Simple Ingredient Lists: Just Another Marketing Gimmick or a Healthier Food Option?

By , SparkPeople Blogger
There seems to be a new trend in town these days that may or may not help the average consumer. But in a world where there are literally hundreds of new products on the shelves to choose from, having a simplified ingredient list may just be the answer. Or is it?

Just last week several food manufacturers, including Frito-Lay and Häagen-Dazs, revealed new product lines containing a list of three to five ingredients on the nutrition label. No more fumbling around attempting to read chemical compounds that are next to impossible to pronounce. No longer do I have to search for the words partially hydrogenated oil or high fructose corn syrup to pop out at me. Instead I can quickly skim the label and voilá there they are--three or five simple ingredients, nothing more.

For example Frito-Lay has a Classic Potato Chip with three ingredients on the label--Grade A Potato, all natural oil, and a dash of salt. While Häagen-Dazs is promoting a seven product ice cream line containing only five ingredients--milk, sugar, cream, eggs and a flavoring such as ginger or mint.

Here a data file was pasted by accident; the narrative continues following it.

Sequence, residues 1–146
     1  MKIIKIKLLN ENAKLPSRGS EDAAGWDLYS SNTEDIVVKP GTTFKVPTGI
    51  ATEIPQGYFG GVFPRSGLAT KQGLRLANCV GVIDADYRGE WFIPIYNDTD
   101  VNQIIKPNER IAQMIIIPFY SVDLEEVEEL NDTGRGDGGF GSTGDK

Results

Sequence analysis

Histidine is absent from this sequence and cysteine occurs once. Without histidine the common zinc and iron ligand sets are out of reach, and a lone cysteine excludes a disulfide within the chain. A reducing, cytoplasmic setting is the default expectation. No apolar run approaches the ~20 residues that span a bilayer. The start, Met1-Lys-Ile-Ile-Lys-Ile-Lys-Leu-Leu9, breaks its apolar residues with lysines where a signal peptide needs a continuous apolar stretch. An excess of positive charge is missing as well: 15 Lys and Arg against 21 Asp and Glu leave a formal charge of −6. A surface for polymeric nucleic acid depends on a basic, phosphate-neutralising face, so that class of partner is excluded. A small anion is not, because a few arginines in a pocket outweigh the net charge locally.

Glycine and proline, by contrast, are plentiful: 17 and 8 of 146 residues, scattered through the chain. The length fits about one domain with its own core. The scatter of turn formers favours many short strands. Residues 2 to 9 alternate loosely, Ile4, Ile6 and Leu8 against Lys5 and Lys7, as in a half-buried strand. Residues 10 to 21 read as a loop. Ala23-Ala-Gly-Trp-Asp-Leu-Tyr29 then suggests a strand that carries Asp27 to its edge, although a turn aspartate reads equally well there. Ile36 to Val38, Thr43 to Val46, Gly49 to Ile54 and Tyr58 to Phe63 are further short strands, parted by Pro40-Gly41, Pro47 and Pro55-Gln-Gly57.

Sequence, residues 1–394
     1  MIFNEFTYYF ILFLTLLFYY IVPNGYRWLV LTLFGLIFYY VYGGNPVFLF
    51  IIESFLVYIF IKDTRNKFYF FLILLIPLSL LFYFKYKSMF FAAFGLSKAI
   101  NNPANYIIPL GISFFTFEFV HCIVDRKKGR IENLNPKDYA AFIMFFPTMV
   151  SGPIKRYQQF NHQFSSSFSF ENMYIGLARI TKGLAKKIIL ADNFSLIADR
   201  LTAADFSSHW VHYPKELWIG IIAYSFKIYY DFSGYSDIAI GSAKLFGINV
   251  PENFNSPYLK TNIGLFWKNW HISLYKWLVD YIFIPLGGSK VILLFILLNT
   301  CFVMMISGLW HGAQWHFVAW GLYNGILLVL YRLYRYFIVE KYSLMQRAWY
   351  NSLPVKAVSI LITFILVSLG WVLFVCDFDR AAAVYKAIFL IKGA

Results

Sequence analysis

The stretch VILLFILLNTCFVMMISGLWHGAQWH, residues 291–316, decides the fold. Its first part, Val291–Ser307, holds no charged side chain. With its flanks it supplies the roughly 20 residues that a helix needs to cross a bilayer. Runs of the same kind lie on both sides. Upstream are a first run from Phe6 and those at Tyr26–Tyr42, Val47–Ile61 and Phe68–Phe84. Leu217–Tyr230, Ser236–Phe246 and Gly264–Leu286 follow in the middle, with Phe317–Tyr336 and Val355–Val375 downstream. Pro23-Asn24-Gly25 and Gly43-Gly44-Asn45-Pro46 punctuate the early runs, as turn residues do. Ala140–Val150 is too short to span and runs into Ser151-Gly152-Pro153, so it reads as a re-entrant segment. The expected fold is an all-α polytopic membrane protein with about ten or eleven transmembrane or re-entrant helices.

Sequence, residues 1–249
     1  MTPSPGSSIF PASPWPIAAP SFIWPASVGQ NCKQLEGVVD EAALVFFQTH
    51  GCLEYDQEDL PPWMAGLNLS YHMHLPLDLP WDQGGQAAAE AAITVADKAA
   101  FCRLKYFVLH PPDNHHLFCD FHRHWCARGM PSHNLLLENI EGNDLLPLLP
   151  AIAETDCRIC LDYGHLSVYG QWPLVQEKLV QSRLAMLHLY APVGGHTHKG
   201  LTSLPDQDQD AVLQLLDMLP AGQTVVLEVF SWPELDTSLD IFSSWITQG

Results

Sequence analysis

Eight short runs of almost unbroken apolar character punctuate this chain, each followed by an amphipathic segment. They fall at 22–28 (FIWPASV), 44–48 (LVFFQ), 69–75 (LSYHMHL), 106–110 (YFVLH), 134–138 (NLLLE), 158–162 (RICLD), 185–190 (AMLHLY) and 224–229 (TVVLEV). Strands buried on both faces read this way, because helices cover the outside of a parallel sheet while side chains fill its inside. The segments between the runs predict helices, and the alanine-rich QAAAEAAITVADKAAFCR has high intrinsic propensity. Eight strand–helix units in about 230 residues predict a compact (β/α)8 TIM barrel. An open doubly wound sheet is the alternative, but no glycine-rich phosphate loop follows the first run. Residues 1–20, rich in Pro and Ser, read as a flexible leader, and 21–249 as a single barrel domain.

While I applaud the move to a more simplified ingredient list, I don’t believe this marketing strategy will persuade me to buy these foods. The reason--I don’t buy or eat them anyway. However, if I were to choose to buy ice cream it would be much easier for me to pick up a container of Häagen-Dazs Five more out of convenience since I would be able to read the ingredient list right on the front of the container.

As to whether or not this is a good thing, I am not sure. I wonder if this is not just another ploy to get us all to try a new product believing we are eating a healthier option. I remember in the 90's when everything was fat free only to discover when the manufacturers removed the fat; they replaced it with sugar and salt. What I thought was a healthier version was still ‘junk food’ in disguise. So while changing to a simplified ingredient list is a move in the right direction, these foods still contain empty calories and should not be a replacement for healthy fruits and veggies.

What do you think? Would you be willing to spend a little extra money for the simplicity on the label? Do you believe these are healthier options or just a marketing strategy?